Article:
Prince Edward County has an updated Community Safety and Well-Being Plan (CSWB Plan) with the new plan having been officially endorsed by County Council.
The Province of Ontario requires every municipality to develop a CSWB Plan. A CSWB Plan is a strategic document that guides a municipality in improving the safety, health, and welfare of its community. Municipalities must update or revise their plans every four years.
“An updated Community Safety and Well-being Plan for Prince Edward County is a welcome development for this community,” said Mayor Steve Ferguson. “This plan for 2022-2025 reflects the new reality we face as we emerge from the global pandemic and continue on the path to recovery.”
Richard Gwozdowski, Chairperson of the Prince Edward County Police Services Board and Community Safety and Well-Being Committee provided some insight as to the objective of the CSWB Plan.
“Our vision is for The County to be a place known for vibrancy, inclusivity, and resiliency. There are gaps in service and barriers to safety and well-being in our community,” said Gwozdowski. “By exploring these gaps, we can create a healthier and more sustainable quality of life in the County. We commit to ensuring that all residents have access to safe, reliable services and programs, including support for our most vulnerable.”
Foundational commitments integral to the plan include: accessibility, anti-oppression, collaboration, diversity, equity and inclusion.
The plan provides a broad overview of the County’s safety and well-being goals and contains recommendations for actions to undertake over the next four years. More than 20 community agencies and representatives participated in developing these goals, with the aim to create goodwill, trust and partnership between community partners.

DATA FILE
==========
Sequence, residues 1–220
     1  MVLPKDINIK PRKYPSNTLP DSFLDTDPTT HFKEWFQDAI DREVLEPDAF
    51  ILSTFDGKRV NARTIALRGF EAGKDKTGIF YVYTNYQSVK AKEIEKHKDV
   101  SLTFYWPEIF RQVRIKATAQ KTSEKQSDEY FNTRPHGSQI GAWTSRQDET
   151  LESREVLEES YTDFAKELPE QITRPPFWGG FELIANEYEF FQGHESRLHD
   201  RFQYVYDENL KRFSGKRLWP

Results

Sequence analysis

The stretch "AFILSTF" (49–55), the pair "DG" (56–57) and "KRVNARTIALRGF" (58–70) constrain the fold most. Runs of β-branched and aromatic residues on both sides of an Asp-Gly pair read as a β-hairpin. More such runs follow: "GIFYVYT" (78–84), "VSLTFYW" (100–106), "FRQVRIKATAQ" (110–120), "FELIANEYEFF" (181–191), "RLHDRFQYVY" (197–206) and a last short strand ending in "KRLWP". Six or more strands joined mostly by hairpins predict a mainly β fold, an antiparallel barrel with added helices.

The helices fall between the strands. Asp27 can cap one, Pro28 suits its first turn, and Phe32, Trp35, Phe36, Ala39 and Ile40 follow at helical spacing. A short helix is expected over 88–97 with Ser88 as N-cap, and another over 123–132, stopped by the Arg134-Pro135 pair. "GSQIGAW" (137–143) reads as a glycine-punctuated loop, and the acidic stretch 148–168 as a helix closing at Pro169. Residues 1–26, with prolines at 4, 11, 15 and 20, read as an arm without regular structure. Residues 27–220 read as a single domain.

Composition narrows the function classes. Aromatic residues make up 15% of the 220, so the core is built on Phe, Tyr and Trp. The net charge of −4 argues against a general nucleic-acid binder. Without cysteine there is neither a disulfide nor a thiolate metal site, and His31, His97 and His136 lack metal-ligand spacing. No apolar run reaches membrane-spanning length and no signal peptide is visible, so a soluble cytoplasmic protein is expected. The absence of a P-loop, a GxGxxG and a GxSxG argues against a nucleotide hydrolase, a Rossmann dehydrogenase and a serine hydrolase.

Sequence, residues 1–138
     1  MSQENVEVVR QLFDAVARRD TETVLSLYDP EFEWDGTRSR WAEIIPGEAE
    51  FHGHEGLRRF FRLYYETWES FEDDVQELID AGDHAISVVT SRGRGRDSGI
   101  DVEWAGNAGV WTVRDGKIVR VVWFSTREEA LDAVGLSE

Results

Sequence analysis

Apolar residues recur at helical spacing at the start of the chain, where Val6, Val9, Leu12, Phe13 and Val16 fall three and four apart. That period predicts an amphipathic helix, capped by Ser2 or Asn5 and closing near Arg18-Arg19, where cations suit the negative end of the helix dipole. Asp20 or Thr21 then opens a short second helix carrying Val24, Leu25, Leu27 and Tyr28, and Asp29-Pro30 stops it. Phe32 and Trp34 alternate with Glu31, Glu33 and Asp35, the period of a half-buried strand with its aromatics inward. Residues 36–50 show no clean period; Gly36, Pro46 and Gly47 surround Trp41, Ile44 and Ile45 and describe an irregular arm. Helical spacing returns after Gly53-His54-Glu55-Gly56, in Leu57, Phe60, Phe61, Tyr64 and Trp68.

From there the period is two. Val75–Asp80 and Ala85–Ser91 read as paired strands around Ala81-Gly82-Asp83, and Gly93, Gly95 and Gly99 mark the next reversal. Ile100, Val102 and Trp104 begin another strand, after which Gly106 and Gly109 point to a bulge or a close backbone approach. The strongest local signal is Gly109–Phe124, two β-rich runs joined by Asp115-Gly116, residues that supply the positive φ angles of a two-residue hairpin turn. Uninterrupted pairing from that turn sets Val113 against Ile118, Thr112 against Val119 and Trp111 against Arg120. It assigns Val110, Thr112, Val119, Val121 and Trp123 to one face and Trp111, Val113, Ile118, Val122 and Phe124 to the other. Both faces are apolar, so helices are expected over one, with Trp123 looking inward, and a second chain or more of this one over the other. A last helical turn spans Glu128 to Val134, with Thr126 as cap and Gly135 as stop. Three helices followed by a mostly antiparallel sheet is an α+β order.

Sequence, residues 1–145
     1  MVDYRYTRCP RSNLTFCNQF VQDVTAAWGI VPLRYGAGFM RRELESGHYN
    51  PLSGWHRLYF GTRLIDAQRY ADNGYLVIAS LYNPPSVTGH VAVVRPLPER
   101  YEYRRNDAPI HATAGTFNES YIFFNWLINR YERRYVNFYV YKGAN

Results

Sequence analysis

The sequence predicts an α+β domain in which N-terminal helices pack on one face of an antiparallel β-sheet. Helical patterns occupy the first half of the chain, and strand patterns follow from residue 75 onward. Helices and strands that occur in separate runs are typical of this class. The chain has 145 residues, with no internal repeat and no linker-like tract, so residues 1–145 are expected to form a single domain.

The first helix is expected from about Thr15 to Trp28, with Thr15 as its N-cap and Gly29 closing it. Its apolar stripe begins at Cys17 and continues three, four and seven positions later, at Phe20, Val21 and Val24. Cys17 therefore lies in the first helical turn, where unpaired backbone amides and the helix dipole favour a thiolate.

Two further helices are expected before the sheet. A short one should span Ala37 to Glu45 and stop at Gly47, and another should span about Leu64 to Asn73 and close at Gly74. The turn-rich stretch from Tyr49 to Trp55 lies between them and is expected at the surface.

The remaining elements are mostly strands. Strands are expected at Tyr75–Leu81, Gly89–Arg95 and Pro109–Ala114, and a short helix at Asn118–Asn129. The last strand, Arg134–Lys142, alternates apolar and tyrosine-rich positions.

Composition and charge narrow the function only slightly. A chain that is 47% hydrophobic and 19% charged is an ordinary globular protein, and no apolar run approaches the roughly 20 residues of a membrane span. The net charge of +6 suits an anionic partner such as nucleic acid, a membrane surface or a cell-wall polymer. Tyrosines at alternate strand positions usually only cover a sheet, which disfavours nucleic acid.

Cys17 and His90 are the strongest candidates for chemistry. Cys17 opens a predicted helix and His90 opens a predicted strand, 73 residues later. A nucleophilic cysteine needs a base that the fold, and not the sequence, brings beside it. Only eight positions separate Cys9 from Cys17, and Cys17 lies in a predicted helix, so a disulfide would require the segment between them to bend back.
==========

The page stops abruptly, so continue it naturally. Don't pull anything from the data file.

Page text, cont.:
The CSWB Plan, while separated into five priority areas with broad objectives, includes key elements unique to the community.
As per the report, each priority area includes in-depth data and contextual information to inform the recommendations. It also includes a description of the recommended strategies and proposed approaches in each priority area.
Three priorities of the updates CSPB Plan are carried over from the last plan, those being senior support, poverty reduction and mental health/addiction. Two new priorities, domestic violence/intimate partner violence and housing/homelessness, were identified for the new CSBW Plan.
Goals to combat the housing crisis and subsequent homelessness are outlined in the report. They include: 1) Mitigate th
e impact of the housing crisis through collaborative and innovative solutions and, 2) Reduce the number of calls for service for unhoused people.
Providing local context, the report touches on a dramatic rise in housing costs over the past decade, whether that be rental housing or those for sale.
“Housing costs have increased dramatically in the County, rising over 300 per cent in the last decade, and 200 per cent in the last two years. This is due to many factors including the proliferation of short-term accommodations, second home buyers, low housing supply and high demand caused by the COVID-19 pandemic,” according to the CSWB Report.